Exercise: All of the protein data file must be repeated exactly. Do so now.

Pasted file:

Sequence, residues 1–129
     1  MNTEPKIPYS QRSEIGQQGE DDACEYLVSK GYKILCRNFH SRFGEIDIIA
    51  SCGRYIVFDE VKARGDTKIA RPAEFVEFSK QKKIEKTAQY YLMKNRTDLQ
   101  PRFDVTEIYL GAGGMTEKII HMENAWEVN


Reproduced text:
Sequence, residues 1–129
     1  MNTEPKIPYS QRSEIGQQGE DDACEYLVSK GYKILCRNFH SRFGEIDIIA
    51  SCGRYIVFDE VKARGDTKIA RPAEFVEFSK QKKIEKTAQY YLMKNRTDLQ
   101  PRFDVTEIYL GAGGMTEKII HMENAWEVN